Internet Summary - U.S. Environmental Protection Agency

Internet Summary - U.S. Environmental Protection Agency

http://www.epa.gov/kids/

http://www.epa.gov/teachers/

The U.S. Environmental Protection Agency (EPA) has designed websites for both teachers (http://www.epa.gov/teachers/) and students (http://www.epa.gov/kids) to learn more information on a variety of environmentally-related topics. There is also a section devoted to high school students (http://www.epa.gov/highschool/). However, it is obvious that http://www.epa.gov/kids/ is specifically targeting elementary school students, based on the nature of the graphics, content, and title, “Environmental Kids Club.”

The portion of the website devoted to kids provides students a great deal of information about such environmental topics as air/water quality, pollution, conservation, ecosystems, human health, and recycling. The information is presented in a colorful, easy-to-understand manner, so that learning about the environment can be fun and exciting for children. There are many interactive games and activities (including hands-on science experiments) for children to learn more about important environmental issues. The website also presents several ideas for students to get involved in the community service projects for the environment.

The portion of the website devoted to teachers provides background information about environmental issues in an A-Z index. This website is also a curriculum resource, with lesson plans, activities, and community service projects for the classroom. There are also many internal (EPA) links, as well as external (non-EPA) links that may benefit teachers planning science lessons. The EPA also offers workshops for teachers to enhance their skills and knowledge about the environment.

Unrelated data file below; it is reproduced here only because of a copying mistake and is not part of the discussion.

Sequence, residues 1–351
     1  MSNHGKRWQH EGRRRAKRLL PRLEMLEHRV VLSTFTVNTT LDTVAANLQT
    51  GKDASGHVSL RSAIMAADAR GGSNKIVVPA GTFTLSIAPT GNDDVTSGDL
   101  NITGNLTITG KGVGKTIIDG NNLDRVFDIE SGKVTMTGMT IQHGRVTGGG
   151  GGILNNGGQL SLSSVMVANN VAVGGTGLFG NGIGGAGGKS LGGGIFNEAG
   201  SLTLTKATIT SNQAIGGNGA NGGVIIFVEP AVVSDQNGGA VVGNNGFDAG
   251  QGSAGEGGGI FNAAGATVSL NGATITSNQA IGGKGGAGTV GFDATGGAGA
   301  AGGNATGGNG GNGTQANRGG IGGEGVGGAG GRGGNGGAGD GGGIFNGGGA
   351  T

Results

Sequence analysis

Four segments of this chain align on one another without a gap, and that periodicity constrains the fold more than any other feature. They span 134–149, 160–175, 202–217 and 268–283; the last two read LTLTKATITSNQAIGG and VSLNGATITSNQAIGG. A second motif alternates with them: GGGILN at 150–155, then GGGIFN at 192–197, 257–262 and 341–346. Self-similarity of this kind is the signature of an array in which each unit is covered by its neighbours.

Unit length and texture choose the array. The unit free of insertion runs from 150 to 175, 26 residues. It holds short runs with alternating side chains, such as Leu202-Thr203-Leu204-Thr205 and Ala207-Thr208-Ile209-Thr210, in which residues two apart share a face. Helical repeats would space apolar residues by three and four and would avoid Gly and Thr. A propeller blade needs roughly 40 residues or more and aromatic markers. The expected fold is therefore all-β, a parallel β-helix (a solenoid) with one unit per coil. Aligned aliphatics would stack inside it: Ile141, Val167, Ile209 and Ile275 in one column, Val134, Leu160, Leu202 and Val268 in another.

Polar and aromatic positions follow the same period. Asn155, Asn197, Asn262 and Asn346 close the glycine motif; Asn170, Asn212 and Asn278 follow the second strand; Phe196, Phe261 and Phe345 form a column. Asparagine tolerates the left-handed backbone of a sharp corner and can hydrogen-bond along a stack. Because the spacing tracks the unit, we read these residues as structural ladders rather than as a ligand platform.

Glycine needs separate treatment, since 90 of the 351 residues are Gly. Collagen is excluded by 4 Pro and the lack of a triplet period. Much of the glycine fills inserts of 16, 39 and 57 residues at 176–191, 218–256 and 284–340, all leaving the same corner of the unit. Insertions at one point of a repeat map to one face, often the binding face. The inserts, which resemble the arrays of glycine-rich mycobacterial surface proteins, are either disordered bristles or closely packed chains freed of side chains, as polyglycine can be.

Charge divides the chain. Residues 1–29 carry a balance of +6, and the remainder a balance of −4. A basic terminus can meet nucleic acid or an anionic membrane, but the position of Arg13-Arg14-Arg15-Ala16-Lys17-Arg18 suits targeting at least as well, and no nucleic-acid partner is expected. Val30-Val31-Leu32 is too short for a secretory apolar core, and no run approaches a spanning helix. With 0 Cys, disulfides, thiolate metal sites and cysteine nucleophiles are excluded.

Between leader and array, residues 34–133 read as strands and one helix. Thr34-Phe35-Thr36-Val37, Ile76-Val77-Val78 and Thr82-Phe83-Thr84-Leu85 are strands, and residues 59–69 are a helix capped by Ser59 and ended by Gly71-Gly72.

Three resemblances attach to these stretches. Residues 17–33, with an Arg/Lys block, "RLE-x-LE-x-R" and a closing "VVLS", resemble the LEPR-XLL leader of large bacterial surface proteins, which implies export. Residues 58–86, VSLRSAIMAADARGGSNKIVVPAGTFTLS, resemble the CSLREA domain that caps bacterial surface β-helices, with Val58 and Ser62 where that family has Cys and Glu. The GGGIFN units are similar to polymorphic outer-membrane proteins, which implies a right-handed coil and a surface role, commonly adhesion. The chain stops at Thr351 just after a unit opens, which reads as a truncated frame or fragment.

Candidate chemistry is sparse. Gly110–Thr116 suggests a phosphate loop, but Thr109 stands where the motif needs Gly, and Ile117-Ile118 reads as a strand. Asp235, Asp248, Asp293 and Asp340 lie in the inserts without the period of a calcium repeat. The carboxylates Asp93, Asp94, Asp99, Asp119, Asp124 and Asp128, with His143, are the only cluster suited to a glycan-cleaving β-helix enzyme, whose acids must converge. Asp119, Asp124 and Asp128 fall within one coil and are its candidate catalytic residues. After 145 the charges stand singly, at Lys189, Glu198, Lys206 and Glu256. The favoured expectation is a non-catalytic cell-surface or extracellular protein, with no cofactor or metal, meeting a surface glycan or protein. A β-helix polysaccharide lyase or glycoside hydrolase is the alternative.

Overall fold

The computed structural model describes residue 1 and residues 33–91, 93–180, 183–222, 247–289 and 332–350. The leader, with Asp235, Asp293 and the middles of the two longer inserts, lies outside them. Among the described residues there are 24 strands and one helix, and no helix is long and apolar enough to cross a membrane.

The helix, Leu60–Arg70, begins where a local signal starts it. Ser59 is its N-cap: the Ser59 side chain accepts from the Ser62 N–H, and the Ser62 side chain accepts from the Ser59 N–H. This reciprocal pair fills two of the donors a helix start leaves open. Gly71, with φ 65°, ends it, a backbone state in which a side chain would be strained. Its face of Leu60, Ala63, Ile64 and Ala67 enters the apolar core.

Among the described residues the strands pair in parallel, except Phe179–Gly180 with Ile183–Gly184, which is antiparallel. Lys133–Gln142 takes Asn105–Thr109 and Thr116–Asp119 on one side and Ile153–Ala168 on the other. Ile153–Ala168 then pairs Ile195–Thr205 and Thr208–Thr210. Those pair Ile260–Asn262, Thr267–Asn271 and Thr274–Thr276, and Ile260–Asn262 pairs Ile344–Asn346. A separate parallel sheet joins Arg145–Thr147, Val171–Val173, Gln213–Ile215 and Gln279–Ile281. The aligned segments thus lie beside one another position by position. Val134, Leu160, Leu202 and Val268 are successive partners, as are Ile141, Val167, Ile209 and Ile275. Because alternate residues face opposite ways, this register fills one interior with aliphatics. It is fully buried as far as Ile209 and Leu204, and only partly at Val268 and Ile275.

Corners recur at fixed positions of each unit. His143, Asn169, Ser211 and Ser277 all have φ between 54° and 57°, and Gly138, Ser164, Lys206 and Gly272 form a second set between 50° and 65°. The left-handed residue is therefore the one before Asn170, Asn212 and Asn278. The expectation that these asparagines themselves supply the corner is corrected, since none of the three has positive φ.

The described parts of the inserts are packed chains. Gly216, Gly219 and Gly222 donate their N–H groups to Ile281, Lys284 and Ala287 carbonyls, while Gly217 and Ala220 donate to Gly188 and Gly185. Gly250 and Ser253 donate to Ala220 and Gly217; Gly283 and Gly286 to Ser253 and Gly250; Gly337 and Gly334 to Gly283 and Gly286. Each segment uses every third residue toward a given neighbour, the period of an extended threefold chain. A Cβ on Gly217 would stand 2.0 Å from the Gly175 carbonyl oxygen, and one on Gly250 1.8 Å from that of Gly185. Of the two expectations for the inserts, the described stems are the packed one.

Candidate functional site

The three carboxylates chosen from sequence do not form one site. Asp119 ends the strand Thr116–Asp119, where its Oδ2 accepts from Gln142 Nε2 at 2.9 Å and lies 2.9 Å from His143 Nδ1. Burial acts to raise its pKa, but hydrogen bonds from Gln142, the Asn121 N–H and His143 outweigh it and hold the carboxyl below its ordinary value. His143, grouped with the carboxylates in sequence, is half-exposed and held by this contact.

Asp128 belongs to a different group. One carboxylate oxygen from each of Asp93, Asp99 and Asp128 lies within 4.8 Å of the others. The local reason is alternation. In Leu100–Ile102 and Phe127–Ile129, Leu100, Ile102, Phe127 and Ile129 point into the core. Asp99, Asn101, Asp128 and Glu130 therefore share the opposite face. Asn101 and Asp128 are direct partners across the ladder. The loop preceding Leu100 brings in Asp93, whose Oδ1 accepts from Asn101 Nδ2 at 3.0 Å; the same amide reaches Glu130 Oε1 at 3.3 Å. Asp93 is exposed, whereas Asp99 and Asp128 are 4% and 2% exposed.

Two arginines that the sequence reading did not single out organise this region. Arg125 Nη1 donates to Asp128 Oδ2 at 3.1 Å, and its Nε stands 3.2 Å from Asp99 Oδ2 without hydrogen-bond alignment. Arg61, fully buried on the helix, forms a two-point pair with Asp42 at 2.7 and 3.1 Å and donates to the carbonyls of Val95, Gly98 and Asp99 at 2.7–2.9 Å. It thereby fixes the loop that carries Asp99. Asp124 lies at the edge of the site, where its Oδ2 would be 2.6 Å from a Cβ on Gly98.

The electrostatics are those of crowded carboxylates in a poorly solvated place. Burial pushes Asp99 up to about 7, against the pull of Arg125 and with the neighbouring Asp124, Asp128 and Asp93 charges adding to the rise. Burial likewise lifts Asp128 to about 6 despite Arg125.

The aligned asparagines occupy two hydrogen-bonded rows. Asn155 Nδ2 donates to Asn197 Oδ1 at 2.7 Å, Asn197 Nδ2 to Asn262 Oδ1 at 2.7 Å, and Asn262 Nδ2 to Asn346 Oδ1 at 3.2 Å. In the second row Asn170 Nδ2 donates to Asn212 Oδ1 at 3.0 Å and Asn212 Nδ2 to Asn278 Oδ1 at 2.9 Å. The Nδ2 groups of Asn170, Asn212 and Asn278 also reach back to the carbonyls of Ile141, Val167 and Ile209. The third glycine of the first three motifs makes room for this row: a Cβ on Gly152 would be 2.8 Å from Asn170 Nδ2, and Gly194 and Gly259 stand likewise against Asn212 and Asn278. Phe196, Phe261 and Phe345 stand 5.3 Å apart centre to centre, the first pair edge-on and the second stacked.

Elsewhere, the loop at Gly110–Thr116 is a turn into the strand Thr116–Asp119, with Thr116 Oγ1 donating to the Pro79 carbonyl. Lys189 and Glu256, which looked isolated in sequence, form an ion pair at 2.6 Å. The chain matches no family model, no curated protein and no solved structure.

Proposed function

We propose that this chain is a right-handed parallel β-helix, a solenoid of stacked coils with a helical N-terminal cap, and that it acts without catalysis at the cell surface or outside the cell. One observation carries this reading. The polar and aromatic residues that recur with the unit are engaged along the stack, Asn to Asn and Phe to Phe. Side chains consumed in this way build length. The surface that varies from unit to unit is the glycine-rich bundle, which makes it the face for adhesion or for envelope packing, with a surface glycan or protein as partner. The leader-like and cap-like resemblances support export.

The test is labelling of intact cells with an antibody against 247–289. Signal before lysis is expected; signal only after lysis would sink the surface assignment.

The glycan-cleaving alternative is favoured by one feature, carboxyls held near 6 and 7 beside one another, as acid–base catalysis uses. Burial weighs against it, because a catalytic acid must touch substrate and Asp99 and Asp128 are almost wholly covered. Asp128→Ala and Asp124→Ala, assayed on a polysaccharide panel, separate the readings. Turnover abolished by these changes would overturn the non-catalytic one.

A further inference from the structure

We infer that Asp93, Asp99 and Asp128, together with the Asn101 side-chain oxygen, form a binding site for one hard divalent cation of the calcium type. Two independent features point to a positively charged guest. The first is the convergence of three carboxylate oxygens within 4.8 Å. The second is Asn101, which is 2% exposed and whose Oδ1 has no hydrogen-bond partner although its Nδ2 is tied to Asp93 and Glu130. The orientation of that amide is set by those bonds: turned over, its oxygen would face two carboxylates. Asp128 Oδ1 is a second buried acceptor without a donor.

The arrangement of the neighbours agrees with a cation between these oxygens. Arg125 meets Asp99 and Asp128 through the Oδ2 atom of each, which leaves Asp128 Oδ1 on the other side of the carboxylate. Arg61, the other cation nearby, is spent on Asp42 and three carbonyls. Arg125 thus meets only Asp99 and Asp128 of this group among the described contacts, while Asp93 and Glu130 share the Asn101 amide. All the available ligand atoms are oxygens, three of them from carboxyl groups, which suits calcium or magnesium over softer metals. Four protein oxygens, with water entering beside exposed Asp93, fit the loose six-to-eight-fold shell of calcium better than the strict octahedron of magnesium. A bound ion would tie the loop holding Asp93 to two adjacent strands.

One added perk of http://www.epa.gov/teachers is that there are many ways for teachers to download or mail order free supplies for the classroom, such as posters and activity books.

On a scale from 0-3, I rate this EPA website (for both teachers and elementary school students) a “3.” It is a highly rich and valuable resource for both learning and teaching important information about the environment in a fun, easy-to-understand way.
The main criticism I have about the teacher’s portion of the website (http://www.epa.gov/teachers/) is that the information and lesson plans/activities are not organized by grade level. Regardless, it is still a useful resource for teaching students about the environment, and it could really be used to benefit the classroom.